Adventures in Laserdiscs

Trainspotting, released by Criterion Collection on Laserdisc.

A number of years ago, I went through a pretty serious love affair with Laserdiscs, the home video format that was a high-end alternative to VHS and Beta cassettes in the 1980s and 1990s. While never achieving mainstream commercial success, the format was embraced by diehard movie lovers and filmmakers who wanted the best possible home version of their work. Movies on disc would feature widescreen presentation (at a time when nearly everything on tape used the dreaded “pan-and-scan”), audio commentaries, deleted scenes and other bonus features. In other words, an early version of what would become standard on DVD, Blu-Ray and 4K Ultra Blu-Ray.

My laserdiscs have been sitting in boxes for the past three-plus years, and they haven’t been touched since my move from Minneapolis to Chicago. My Panasonic laserdisc player broke down, and since the media is long since obsolete, repairs today are virtually impossible, and so the movies sat in storage, wasting away. Meanwhile, I finally moved on to Blu-Ray and streaming services like Netflix and HBO Max, and also purchased a very nice 4K television last year. It would seem that going back to a home video format now three generations removed is beyond pointless, it’s just silly.

And, yet…part of me still doesn’t want to give up on these large, bulky discs. I found myself enjoying Laserdiscs much more than I had expected, and under the right conditions with the proper restoration and dedication and care, the format could still rival DVD. I found that animation was especially impressive, as one never had to worry about compressed digital artifacts, excessive edge enhancement or other compression problems that plagued DVDs. Criterion Collection was another welcome example of LDs at their best, and many of their titles include bonus material seen nowhere else. And let’s not get into all the great music discs that have never been released on the later formats.

And so I had a crazy idea: maybe I should write a book about this subject. I am very eager to get back to writing about pop culture and movies, something that I haven’t done since the publication of Pop Life and Greatest Hits in late 2017. All of my efforts since have been on the art and photography side, which is very important to me, but it’s not everything. I still need more creative outlets. So maybe this idea could work?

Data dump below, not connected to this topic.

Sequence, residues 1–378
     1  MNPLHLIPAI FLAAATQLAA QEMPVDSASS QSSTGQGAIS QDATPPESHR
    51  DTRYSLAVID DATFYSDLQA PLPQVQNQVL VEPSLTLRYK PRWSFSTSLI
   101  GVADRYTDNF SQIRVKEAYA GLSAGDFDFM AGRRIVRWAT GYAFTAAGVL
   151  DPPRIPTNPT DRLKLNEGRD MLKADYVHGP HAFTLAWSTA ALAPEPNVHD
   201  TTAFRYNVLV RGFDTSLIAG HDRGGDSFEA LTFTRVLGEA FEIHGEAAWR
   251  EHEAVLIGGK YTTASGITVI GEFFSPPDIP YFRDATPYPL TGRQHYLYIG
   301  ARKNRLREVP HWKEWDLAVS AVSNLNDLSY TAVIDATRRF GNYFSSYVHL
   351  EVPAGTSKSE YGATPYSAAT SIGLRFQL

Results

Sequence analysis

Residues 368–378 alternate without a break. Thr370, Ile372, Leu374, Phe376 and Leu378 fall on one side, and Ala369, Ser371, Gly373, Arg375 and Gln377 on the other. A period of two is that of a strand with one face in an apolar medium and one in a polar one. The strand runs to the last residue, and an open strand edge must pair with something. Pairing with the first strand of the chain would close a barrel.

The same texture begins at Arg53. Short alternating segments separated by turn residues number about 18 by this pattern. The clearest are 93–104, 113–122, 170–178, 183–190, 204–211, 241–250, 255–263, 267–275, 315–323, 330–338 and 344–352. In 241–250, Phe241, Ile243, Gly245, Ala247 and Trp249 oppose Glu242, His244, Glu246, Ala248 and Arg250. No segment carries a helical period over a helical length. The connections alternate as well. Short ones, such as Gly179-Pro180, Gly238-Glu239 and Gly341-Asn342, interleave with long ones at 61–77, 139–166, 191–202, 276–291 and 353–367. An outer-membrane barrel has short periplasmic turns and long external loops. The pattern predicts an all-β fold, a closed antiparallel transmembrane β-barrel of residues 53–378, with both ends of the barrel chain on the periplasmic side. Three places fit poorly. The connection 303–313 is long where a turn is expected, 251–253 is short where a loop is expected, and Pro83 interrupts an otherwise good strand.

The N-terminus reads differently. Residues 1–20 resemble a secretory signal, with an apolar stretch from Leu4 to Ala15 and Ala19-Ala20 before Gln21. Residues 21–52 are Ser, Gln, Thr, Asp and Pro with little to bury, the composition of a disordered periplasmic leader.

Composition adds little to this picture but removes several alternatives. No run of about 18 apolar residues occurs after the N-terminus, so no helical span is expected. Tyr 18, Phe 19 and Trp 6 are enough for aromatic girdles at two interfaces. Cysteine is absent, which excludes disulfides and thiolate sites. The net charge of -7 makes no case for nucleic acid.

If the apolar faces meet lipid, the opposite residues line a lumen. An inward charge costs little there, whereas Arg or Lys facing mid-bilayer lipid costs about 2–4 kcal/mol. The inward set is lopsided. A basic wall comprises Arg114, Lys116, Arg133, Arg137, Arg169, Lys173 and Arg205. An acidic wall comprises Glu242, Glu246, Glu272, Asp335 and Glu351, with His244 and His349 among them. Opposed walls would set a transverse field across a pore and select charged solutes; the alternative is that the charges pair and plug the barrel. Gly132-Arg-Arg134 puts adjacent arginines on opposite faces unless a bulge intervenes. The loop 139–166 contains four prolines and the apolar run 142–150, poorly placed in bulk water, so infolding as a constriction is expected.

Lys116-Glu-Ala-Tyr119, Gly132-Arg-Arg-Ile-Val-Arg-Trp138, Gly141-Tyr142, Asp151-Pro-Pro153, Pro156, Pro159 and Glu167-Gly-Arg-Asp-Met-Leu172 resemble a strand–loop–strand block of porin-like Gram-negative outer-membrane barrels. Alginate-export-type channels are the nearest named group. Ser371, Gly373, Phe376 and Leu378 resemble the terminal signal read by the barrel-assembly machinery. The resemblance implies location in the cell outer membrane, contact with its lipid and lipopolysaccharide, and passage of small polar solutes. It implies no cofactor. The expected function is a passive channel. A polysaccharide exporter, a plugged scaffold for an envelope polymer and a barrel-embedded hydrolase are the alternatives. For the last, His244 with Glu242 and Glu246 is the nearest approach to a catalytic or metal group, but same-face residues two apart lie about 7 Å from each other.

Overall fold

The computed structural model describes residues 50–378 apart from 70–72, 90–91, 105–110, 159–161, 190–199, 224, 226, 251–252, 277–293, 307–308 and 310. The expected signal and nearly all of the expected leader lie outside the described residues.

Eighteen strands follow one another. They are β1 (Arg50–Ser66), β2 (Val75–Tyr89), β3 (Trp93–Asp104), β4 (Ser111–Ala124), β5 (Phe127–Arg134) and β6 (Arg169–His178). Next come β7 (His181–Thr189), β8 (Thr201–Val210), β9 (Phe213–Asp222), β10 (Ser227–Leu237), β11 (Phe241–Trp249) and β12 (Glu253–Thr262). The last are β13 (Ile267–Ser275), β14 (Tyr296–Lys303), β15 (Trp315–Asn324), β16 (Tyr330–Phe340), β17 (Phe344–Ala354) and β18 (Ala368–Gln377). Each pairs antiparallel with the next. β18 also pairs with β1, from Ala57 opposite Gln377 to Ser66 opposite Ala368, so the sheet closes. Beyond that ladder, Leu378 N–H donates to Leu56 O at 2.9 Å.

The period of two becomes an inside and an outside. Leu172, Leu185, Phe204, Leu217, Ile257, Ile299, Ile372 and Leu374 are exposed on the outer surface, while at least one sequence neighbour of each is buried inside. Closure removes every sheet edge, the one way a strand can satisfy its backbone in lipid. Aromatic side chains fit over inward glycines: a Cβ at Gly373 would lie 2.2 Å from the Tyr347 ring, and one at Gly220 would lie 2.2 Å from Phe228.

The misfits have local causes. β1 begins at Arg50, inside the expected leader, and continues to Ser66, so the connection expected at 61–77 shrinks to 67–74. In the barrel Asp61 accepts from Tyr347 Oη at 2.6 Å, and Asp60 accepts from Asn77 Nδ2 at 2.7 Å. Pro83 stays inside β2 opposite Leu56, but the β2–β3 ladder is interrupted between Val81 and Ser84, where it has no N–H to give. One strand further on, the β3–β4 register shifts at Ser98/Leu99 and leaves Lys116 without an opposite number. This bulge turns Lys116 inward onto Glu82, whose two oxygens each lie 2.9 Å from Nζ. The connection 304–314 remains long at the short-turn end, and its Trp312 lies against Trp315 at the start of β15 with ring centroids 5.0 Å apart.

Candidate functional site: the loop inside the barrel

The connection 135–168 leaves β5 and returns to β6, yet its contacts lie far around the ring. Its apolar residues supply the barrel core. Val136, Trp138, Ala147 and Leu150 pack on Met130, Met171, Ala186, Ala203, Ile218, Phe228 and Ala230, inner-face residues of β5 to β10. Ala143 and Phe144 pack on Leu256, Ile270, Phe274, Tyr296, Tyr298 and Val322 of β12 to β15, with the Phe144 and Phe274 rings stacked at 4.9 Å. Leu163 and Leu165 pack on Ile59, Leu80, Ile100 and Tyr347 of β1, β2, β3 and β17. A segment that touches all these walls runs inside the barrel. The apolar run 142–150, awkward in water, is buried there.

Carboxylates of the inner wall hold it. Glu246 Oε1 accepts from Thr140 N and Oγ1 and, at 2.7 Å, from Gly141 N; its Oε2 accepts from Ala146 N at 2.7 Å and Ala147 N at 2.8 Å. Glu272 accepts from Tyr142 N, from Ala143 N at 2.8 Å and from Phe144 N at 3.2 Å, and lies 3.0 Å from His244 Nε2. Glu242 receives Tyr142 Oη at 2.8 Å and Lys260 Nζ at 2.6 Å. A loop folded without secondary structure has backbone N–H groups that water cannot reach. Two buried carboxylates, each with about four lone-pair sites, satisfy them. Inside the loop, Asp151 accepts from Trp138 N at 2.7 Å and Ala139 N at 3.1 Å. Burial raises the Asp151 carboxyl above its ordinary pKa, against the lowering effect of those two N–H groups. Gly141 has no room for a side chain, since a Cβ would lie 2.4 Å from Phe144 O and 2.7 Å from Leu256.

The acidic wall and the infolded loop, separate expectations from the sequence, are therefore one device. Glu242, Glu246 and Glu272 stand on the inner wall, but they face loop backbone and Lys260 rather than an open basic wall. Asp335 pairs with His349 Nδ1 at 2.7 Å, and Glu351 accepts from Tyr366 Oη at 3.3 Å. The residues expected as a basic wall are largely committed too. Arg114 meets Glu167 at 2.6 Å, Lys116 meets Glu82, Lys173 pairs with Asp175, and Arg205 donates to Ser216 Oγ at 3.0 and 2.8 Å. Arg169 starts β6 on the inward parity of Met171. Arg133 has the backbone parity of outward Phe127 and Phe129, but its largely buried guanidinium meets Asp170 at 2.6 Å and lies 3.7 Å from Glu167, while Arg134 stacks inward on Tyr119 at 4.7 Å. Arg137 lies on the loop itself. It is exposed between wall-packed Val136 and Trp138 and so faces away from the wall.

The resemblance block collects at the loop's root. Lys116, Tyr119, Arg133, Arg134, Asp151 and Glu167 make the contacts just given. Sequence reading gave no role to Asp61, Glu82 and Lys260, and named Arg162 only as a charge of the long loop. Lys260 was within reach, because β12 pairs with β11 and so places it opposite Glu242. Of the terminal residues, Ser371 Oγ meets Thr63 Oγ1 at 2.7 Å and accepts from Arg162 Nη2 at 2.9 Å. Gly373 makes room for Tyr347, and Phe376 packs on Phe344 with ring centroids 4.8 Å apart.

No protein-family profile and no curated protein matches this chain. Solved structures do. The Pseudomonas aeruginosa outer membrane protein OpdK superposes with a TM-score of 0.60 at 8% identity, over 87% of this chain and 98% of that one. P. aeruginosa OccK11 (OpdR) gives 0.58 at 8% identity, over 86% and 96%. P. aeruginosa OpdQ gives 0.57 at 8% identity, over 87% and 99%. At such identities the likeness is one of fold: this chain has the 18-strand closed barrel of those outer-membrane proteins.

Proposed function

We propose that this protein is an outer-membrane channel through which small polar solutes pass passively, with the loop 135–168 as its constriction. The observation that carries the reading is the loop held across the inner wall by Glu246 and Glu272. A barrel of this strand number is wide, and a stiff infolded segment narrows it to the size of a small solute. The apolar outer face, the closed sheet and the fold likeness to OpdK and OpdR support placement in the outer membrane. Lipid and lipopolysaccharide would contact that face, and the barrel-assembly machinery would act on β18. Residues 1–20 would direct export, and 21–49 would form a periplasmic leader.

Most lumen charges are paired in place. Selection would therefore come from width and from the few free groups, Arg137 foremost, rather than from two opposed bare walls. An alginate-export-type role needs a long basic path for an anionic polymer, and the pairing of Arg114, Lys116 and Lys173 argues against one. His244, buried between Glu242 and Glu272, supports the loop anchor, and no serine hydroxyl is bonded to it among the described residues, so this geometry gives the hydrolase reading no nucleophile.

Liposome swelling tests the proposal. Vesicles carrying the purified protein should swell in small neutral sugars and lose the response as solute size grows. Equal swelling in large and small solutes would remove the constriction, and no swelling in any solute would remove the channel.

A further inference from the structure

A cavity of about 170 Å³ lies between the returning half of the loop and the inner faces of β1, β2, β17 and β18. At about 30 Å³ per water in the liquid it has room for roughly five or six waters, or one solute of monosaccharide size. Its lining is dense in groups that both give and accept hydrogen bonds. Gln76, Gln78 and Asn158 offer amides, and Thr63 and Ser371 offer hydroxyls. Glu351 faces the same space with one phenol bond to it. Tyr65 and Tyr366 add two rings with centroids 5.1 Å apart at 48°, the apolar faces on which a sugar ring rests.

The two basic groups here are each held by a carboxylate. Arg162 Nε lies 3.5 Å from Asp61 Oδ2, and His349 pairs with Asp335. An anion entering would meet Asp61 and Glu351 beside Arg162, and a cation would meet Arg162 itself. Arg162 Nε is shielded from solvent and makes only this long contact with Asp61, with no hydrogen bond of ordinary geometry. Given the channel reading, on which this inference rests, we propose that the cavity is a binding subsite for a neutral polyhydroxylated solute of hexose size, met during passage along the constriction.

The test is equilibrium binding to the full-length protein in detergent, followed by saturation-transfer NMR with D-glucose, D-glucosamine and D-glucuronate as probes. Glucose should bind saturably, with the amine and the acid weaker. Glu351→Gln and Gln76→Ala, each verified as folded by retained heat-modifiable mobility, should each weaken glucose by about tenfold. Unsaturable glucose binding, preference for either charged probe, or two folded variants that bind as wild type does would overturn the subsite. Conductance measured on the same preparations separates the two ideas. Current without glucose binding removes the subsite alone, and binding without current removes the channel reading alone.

Right now, I am assembling a spreadsheet of my laserdisc collection to see where things stand. After that comes the all-important writing part, and since I’m looking at roughly 100 movies to review, this could become a very meaty book. At this point, it’s all just speculation and guesswork. But we’ll see how things go.

Of course, I ought to remind you that I also have two major book projects that are standing ahead in line, and those really should be completed first. As always, I think the solution is simply to write. Just get words written down and take things one step at a time and see how things go.

Again, patience is key. I have a number of art books to complete, including a third anthology volume, the portraits, the next volume of street photography that follows up The White Album, a book from the Immersive Van Gogh exhibit currently playing here in Chicago, and a photo album of baby’s first year. And I still really need to be making progress on that Ghibli book, and I’m telling myself if I could only write a couple pieces every week, I’d be making great progress.

Such is the life of an independent author and publisher. You have the freedom to crank out as much as you possibly can, and that’s a very liberating concept, but it’s a lot of hard work. We’ll see how things go.

Finally, here’s a short gallery of a couple laserdiscs from my collection. Note just how amazing the packaging and cover designs are, especially when compared to modern physical formats. One could almost have a lot of fun collecting laserdiscs just for the cover art.

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